Using High-Hardness and Low-Friction Coatings to Increase Mold Durability
Used to protect mold components and molds from corrosion and wear, two of the most popular low-friction coatings include electroless nickel plating and hard chrome. Coating technologies, already being highly engineered, must continue to evolve in response to several things:
- The aim of improving part release and polymer flow
- Between tool components, the need to avoid galling
- Tighter dimensional requirements on more complex tooling geometries
Low-Friction Coatings Being Used on Molds
For the last couple of decades, numerous low-friction coatings for molds have been available and based on a range of metals. In just recent years, no fewer than five more have made an appearance. Making high-end coatings worth a second look is the growing use of any number of things including the following:
- Flame retardants
- Wood fibers
- Metal powders
- Higher percentages of mineral and glass fillers contained within high-performance resins
- Other potentially corrosive or abrasive materials
While raising release performance, low-friction and high-hardness coatings can impart significantly higher resistance to corrosion and wear. Reducing maintenance, the thin metal films can also extend tool life.
The Trouble with Molds
What causes tool corrosion? The following can have a detrimental effect on tools:
- Spillage from hoses during hook-up or ill-fitting pipe fittings and O-rings.
- Perhaps due to too-cold chillers, condensing in the mold.
- Seepage through micro cracks.
- The contact of untreated mold surfaces by water leaks.
- Trapped gases scoring tool components through accelerated corrosion due to inadequate venting.
- Due to overheating, bromine- or chlorine- containing additives and resins becoming corrosive.
The realization by molders and die makers that their components need the proper coating in order to achieve higher quality parts and productivity gains is a step in the right direction. Because of this realization, materials with lubricious surface characteristics, low friction, and low energy characteristics, were developed.
Steadfast and True
While being old standbys, electroless nickel and hard chrome are, for some time to come, likely to remain major players. You know what they say, “If it ain’t broke – don’t fix it!”
Even from high glass-containing plastic compounds, a proven defender against wear is hard chrome. The coating can, however, wear down due to the presence of micro cracks and the non-uniformity of the plating. Maintenance and visual inspection are required.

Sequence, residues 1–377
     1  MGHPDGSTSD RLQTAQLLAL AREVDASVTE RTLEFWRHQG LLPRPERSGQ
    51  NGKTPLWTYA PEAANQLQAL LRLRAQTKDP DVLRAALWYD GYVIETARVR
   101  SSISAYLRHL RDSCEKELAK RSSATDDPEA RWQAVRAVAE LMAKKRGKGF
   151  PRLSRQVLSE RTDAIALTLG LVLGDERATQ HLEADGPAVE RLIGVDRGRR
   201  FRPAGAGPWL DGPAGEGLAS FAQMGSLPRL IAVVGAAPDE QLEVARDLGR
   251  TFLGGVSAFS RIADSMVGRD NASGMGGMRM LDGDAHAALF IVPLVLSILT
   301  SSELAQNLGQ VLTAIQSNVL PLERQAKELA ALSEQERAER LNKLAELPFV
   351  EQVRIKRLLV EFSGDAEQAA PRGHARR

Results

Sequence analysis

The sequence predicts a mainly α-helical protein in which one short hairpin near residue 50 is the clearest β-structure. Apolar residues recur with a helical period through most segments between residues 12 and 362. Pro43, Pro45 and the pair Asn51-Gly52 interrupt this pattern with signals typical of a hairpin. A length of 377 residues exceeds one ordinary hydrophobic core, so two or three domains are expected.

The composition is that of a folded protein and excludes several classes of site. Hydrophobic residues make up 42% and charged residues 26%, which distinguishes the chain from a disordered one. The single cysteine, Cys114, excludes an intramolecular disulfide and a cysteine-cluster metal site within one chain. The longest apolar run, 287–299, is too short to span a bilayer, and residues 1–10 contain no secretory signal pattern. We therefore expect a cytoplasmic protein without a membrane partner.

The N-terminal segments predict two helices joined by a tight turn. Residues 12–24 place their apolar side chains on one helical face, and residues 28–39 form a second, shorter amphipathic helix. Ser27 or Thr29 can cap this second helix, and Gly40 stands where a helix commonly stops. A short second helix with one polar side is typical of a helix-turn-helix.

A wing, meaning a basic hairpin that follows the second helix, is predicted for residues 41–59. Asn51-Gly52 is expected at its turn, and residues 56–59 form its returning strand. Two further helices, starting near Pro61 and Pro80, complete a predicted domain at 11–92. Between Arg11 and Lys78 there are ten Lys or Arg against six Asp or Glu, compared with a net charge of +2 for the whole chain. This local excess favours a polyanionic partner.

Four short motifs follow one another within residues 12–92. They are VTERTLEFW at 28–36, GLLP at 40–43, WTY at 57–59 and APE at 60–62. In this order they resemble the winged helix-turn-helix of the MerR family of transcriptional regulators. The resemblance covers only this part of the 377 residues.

On the other hand, with a lower hardness level than chrome, electroless nickel is still a viable plating material. In thin deposits, it can be coated uniformly and used on components having dimension tolerances that are more critical, as well as the precise sizing of cavities and cores. Under flash chrome coatings, it can also be used for dimensional buildup.
In a nutshell, corrosion resistance is offered by nickel, whereas wear protection is offered by chrome.
Today’s new and improved high-hardness and low-friction coatings are specially designed and engineered to provide the best of both worlds to the mold maker – lubricity is added as a bonus, in some cases.
Mold coatings come in seven categories which are as follows:
- Impregnated polymers
- Thin-film hard coatings
- Surface-hardening treatments
- Metallic plating
- Metallic/PTFE co-depositions
- PTFE-infused metallic
- Thin inter-metallic
To metal substrates, these can be applied in a number of manners including PACVD, CVD, PVD, and more. Depending on the process, coating thicknesses can be more or less uniform, and generally range from as high as 8 µm down to 0.5 µm.
Low-Friction Coatings from A&A Coatings
For more than 70 years, A&A Coatings has been supplying thermal sprayed coatings for numerous industries. We use the newest techniques and materials and are capable of tailoring a coating to precisely suit your needs. Our research and development team is constantly striving to improve and advance our industry as a whole. If you’d like to find out more about our low-friction and high-hardness coatings, contact one of our knowledgeable representatives today.